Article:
New Projects Are Headed Your Way, Post Haste!
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Every Monday, Kickstarter staff collect a few of our favorite, recently launched projects to share with the masses (we can't help it — we get excited!). You can check out our choices this week, below, but make sure to stop by our Discover page to find even more. So many good projects, so little time!
This past week I found out I have a fascination with clocks. This was kind of strange because I don't wear a watch or even have a clock in my house, yet, somehow, I've become enamored with these time telling machines. First it was the Present. Now, it's Para Clocks Design App, which allows individuals to create their own clock designs by through radial geometry. If Mrs Verkler, my High School geometry teacher, had told me this, I may have paid attention. Instead, I'm sitting here, scratching my head, wondering how I can make symmetrical, psychedelic clocks. — Mike M.
My favorite dance project videos are ones where I get to see some dancing and hear the creator talk about the work. Pretty simple recipe, but always hits it home. Here's one! Portlander Meshi Chavez speaks beautifully about his latest piece "We Two Boys," based on the Walt Whitman poem "We Two Boys Together Clinging," about the mysterious and intimate relationship between two men. His movements take inspiration from the Japanese form of dance Butoh, and it's Meshi's first opportunity to perform his work out of town, at the Wild Dancing West Festival in Albuquerque, New Mexico, this May. — Daniella J.
Ever since I fulfilled rewards on my own Kickstarter project, I have had a soft spot (and a rage spot) for the U.S. Postal Service. I can't help but look back fondly on yes, the waiting in line, the bureaucracy, and the relative incompetence of so many postal employees, but also the magic of sending something physical and actual, to other people, through the mail. With 3700 post offices scheduled to close in the next year, the art exhibit Post Haste is set to celebrate just that: the magic, the intimacy, and the frustration of the USPS. It asks the question, "What will we lose?" and will feature everything from portraits of stamp collectors, a wunderkammer of correspondence (is any exhibit complete without awunderkammer?), and a participatory work by Calcagno Cullen, where the artist will type up letters dictated by gallery-goers and send them to random recipients around the country. — Meaghan O.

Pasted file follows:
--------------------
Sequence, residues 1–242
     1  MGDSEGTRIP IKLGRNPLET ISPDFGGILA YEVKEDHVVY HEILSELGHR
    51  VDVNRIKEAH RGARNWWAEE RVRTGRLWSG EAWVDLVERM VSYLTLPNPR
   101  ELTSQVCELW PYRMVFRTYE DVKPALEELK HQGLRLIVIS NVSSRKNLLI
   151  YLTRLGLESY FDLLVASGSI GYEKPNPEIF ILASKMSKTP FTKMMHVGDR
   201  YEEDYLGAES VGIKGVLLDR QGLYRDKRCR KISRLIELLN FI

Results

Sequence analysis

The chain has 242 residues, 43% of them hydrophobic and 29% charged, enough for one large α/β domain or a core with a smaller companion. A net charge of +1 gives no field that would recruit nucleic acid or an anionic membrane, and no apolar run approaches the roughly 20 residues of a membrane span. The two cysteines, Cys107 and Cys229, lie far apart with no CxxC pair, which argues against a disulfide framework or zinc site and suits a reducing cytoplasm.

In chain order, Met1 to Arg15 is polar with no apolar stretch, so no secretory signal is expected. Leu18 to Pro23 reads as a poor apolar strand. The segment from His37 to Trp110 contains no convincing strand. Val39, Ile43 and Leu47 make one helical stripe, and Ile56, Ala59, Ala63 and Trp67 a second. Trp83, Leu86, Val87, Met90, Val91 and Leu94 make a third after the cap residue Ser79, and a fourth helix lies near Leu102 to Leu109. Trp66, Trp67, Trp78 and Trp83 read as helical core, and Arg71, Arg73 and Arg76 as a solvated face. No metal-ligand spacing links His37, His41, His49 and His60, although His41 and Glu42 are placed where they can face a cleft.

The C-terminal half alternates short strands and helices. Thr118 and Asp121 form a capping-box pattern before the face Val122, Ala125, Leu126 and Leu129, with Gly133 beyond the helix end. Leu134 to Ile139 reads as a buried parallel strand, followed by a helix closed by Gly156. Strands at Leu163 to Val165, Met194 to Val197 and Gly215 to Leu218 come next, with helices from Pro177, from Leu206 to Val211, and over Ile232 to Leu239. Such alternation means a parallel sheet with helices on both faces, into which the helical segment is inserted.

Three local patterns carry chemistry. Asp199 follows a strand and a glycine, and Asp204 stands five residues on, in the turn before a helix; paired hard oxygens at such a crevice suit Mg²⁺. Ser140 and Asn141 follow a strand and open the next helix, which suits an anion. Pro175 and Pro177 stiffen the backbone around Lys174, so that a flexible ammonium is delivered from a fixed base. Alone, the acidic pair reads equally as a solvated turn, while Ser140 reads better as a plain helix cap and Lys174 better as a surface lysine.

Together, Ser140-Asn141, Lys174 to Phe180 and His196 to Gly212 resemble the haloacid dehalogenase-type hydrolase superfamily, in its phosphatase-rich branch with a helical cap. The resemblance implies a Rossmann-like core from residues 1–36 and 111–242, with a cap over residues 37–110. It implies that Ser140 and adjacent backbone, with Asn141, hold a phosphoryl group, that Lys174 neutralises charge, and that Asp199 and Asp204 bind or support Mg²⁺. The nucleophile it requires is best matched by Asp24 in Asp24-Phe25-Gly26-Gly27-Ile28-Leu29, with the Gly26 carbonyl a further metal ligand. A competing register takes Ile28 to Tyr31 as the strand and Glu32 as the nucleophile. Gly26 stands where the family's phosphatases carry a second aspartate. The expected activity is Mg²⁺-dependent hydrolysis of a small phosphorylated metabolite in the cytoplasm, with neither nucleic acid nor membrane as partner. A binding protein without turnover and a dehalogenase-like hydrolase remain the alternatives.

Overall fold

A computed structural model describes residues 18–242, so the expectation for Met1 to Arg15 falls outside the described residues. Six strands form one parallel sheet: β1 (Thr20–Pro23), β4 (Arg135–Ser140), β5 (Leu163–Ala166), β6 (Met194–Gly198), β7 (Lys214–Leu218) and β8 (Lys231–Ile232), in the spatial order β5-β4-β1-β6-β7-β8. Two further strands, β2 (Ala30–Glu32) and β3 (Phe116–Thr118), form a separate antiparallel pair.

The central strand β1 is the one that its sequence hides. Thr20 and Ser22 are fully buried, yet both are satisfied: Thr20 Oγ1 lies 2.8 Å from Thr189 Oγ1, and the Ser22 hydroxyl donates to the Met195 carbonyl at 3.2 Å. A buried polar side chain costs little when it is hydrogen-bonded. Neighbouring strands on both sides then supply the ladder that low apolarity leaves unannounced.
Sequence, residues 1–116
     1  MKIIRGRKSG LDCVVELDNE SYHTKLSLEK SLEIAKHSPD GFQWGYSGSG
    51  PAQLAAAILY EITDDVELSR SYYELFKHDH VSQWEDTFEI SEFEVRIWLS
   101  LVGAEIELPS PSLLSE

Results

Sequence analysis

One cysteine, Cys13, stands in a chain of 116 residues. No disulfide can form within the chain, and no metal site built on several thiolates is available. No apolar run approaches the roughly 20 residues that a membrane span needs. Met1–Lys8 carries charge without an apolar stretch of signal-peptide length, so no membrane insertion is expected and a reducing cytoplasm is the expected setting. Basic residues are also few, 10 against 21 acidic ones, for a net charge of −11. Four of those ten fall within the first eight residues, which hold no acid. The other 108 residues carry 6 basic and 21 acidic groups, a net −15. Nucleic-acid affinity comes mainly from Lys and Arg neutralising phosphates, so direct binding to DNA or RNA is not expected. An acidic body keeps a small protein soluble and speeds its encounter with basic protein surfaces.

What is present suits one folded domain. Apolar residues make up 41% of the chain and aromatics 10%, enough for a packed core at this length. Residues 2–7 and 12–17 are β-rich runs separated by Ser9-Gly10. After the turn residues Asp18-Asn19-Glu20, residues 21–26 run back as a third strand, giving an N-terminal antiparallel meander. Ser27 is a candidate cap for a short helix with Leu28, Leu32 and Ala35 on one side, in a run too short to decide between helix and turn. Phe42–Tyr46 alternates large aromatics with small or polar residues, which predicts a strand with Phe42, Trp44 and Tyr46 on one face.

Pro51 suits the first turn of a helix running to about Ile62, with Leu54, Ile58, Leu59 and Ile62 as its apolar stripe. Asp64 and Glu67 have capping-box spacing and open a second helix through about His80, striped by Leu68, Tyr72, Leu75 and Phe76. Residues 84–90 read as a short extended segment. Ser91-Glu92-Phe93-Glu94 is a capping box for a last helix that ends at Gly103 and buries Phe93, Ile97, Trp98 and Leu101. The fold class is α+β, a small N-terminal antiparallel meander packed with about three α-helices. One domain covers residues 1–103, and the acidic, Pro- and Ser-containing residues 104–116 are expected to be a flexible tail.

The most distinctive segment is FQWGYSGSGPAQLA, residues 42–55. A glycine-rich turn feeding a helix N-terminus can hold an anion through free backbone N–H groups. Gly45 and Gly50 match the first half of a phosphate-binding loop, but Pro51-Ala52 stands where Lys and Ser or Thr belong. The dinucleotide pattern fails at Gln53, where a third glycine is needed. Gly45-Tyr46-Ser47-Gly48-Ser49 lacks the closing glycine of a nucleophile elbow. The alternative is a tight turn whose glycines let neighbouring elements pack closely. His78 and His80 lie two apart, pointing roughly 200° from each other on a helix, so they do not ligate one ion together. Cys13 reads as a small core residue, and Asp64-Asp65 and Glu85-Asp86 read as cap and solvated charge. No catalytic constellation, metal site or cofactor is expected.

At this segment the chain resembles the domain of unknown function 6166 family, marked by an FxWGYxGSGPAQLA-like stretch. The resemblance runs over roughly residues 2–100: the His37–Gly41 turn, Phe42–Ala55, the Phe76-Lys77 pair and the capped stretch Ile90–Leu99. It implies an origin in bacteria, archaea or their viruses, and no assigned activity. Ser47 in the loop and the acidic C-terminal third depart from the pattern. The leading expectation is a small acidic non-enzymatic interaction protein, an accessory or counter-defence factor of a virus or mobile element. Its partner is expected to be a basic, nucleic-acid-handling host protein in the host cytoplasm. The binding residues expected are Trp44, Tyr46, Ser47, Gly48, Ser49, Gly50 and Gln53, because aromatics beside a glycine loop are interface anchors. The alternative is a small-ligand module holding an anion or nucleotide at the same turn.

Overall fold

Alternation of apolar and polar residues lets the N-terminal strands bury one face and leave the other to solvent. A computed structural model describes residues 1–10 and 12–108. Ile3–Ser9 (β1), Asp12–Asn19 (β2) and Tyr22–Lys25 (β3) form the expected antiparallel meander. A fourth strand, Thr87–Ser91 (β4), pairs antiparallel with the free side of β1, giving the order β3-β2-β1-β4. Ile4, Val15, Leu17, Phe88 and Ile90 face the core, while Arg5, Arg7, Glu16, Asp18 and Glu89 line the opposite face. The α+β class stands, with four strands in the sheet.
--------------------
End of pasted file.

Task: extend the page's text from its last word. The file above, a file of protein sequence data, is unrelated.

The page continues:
While it may seem that humankind is still a long ways away from hopping into personal spacecrafts and shuttling off to Mars for lunch, private rocketeers and scientists are doing their darndest to give the Richard Bransons of the world a run for their money. The Hermes Spacecraft team are developing a reusable suborbital spacecraft that can take passengers and payloads into space. They've got the prototype built, and are now looking to fund the next step: building and testing the ship's hybrid rocket propulsion system. Don't rule out lunch on Mars just yet... — Cindy A.
I was pretty convinced by illustrator Noah Korese from the first line of his project video, the one in which he implores that he loves to draw. I really believe him, especially after this handy visual representation of his brain. Beyond sincere enthusiasm, though, I also love what he's doing: creating a children's book/graphic novel centered around a dark, creative, and feisty protagonist named India who must persevere through the trials and tribulations of a really, really unusual week. I grew up coveting characters like Coraline and Matilda — complex, challenging, and brave little girls — because, let's face it, I totally wanted to be them. Now, it sounds like India is ready to join the ranks! — Cassie M.
Is there any creature lovelier than the bonobo? They are essentially gentler, hairier, and more sexually open versions of us. Which is why I support any technology that improves human-bonobo communication, so we can all tell each other exactly what we're thinking. Professor Ken Schweller, head programmer at Great Ape Trust in Des Moines, is making Bonobo Chat, which not only allows bonobos and humans to speak to each other, but also allows the apes to control their environment using simple lexigram commands. This project also involves something awesome and sort of terrifying called the RoboBonobo, and for $500, you can Skype with a bonobo named Kanzi or Panbanisha! Dream come true. — Nicole H.
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